Flashkon 2000 Linear Monolight
Wider Is Better

This is a flash? Well, yes it is. An 800 ws, 12" linear monolight, in fact.
Photos © 2001, Jay Abend, All Rights Reserved

Over the years I've seen a lot of weird and bizarre photo products. While the photo market is a relatively modest niche all by itself, there are always those willing to cater to the sub-niches and micro-niches within. When a Flashkon 2000 arrived at my studio, however, I figured that I had truly seen the most market-specific product ever designed.

Here's how it's described to me: Photographers who shoot panoramic people shots need a flash that can cover a whole group in one pop. Now, I wasn't really aware that such a thing existed, but apparently there are a lot of school photographers who shoot with fixed lens panoramic cameras like the Fuji 617 to capture team sports photos. You know the ones I mean, the whole football team posed on the bleachers--stuff like that. Well, you can imagine how tough it would be to cover the whole shot with a single portable flash. While a small power pack and two heads or a couple of monolights would do the trick, you have the shadows created by two heads. Flashkon to the rescue.

Why would anyone need a Flashkon? Good question. Notice the extremely wide and narrow light pattern. I don't know of a way to create this kind of light pattern with a reflector, and certainly a softbox in the striplite configuration will gobble up too many f/stops of light output to be practical.

The Flashkon 2000 uses a 12" linear flash tube in a long reflector to produce a very long and lean flash pattern. The whole thing is housed in a molded box that looks like some sort of small public address system. The unit also houses an 800 ws flash supply, so you've got the world's only totally portable AC-powered 800 ws 12" linear monolight. A critical feature missing is any sort of modeling light system. Combine that with the lack of Polaroid capability on most panoramic cameras and you've got a real "shot in the dark" approach. While the coverage is wide, it's hard to tell if you've covered the whole group. A couple of monolights with modeling lamps would certainly show you exactly what's going on.

While the unit does lack a modeling lamp, it is the only flash I've ever used that has a laser beam on it. Yep, they've added one of those pocket red laser lights that kids use to drive you crazy at the movie theater as a rudimentary pointing aid. It's not what I would have chosen, but it does work. Since I don't shoot group photos and don't plan on starting anytime soon I took the Flashkon on a couple of commercial shoots with me. Believe it or not, I found it really handy to have a wide narrow light source. On one shoot I lit an entire hallway from above as if a long fluorescent fixture was present. In another case I lit a long stairway in a factory setting--an effect virtually unobtainable from anything else.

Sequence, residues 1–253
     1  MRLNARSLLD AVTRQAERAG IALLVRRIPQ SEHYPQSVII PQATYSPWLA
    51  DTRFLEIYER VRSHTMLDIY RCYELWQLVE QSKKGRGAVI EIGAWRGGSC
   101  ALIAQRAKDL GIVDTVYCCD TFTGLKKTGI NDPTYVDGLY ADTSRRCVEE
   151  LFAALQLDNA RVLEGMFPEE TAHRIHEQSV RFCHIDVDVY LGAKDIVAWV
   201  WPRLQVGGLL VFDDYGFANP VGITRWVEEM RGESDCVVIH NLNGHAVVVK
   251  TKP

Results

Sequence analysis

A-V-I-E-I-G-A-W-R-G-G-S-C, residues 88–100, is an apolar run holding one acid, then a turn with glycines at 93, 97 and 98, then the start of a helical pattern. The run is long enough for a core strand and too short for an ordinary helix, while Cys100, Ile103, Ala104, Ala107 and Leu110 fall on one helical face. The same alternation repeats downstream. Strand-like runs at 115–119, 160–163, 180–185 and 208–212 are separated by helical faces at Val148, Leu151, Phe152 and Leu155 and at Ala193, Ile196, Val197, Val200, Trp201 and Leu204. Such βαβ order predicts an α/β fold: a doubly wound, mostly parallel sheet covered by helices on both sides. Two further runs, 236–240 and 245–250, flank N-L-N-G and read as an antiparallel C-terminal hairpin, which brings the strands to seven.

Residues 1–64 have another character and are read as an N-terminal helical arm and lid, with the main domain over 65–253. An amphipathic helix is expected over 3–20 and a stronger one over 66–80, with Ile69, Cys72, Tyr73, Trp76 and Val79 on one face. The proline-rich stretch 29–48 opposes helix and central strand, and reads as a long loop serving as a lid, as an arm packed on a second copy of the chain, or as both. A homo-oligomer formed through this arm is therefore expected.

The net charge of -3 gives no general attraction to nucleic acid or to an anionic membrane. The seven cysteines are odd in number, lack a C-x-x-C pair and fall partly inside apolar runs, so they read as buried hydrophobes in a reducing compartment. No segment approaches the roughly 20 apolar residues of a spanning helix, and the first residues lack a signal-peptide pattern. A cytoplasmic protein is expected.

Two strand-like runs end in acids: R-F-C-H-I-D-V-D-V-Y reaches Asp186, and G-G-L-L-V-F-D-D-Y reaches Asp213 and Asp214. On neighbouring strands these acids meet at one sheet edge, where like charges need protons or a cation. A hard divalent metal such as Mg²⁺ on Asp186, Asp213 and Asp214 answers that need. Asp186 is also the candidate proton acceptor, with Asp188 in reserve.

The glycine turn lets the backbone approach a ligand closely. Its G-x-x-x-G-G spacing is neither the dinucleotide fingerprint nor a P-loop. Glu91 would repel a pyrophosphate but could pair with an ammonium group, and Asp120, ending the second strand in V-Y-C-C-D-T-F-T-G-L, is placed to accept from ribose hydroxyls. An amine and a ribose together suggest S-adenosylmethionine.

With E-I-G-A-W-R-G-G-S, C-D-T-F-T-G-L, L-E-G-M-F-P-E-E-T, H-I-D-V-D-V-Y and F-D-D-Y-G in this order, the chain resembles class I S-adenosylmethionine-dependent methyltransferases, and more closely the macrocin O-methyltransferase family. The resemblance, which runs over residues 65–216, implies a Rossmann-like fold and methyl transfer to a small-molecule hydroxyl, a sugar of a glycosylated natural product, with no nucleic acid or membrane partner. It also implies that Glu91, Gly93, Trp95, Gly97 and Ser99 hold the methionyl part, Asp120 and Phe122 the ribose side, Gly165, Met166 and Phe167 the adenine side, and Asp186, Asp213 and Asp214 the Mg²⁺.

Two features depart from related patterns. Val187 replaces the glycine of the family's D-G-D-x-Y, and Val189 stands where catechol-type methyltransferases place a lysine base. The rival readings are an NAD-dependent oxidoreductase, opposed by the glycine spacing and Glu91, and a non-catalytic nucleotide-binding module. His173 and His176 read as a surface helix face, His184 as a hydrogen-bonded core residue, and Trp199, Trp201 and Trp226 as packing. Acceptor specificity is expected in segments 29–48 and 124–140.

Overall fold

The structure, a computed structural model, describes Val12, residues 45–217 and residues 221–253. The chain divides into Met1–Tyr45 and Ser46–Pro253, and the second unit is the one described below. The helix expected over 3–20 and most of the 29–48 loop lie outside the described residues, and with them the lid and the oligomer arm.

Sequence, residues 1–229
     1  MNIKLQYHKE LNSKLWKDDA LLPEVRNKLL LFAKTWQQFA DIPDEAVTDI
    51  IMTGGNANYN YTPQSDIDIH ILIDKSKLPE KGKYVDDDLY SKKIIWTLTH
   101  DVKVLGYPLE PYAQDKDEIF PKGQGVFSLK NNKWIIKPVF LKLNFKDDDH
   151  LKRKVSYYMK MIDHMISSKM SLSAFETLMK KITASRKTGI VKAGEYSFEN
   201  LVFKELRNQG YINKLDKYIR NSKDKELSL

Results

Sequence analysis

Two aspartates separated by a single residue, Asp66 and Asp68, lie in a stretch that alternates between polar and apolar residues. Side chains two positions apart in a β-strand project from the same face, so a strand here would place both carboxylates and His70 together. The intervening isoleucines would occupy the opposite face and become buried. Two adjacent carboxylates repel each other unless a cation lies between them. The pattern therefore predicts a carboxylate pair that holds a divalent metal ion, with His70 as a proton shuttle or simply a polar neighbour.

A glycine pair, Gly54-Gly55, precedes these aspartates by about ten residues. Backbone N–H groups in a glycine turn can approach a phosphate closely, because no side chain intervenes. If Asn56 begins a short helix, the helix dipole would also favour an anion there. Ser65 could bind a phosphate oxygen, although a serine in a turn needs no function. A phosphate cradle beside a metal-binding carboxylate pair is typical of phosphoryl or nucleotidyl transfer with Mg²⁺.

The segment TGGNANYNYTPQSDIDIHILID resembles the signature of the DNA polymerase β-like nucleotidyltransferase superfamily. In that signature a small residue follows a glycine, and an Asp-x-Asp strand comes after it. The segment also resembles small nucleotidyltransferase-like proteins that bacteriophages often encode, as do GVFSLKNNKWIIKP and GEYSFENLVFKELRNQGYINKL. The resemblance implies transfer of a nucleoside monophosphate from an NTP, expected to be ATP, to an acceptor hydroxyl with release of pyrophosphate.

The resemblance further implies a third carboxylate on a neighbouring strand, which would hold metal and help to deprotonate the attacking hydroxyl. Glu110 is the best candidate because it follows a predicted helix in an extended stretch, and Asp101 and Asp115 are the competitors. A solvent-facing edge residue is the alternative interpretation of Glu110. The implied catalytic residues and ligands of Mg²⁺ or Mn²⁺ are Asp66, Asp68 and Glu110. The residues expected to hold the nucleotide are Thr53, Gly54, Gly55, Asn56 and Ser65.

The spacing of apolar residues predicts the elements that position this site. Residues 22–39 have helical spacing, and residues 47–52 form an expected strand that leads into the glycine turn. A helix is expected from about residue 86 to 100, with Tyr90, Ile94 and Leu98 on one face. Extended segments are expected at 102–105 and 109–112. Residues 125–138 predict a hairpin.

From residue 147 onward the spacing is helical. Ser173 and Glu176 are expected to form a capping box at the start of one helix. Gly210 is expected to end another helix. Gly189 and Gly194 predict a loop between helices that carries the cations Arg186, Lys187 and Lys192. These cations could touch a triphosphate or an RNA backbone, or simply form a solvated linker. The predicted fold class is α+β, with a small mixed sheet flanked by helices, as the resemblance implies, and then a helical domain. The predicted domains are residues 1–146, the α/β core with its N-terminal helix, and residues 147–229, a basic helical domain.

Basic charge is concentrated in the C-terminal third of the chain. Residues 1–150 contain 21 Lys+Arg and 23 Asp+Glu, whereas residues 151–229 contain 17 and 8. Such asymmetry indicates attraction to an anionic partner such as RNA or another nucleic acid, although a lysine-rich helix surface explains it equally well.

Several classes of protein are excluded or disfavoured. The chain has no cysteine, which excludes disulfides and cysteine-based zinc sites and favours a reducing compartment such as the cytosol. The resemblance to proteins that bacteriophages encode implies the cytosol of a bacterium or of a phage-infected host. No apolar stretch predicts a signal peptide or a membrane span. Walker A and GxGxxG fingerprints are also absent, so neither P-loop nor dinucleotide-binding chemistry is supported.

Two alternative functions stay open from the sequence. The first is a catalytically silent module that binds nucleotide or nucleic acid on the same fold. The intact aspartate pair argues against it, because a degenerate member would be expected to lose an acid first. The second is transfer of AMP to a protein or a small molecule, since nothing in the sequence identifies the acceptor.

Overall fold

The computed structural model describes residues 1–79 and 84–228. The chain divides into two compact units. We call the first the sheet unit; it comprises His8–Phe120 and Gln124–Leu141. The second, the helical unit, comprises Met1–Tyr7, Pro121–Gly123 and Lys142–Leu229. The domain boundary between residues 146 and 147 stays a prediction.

The Flashkon operated without any problems, even though there was some large object moving about freely within the case. The one oddity was the fact that even though the recycle light came on within 1 sec of a flash at 1/10 power, the unit took 6 or 7 sec to then fire again. At full power the light came on in 3 sec and the unit was ready to fire.

No modeling light? Laser to the rescue. Yes friends, that's a genuine pocket keychain red laser beam light mounted to the side of the Flashkon to aid in aiming.

If you need such a light (and you know who you are) then the Flashkon is your only choice. Available for $1499, it's a fairly expensive one-trick pony for a shooter like me to own, but for group photographers, industrial photographers, and those interested in lighting panoramas with flash, this is for you.

For more information, contact Flashkon LLC, (800) 974-8692, fax: (775) 361-8608, www.flashkon.com.

This is the money shot for this flash. The long wide people panorama.
Notice how dead even the lighting is across this picture, and the total lack of shadows on either
side of each person's nose, unlike the light created with a flash head on each side of the camera.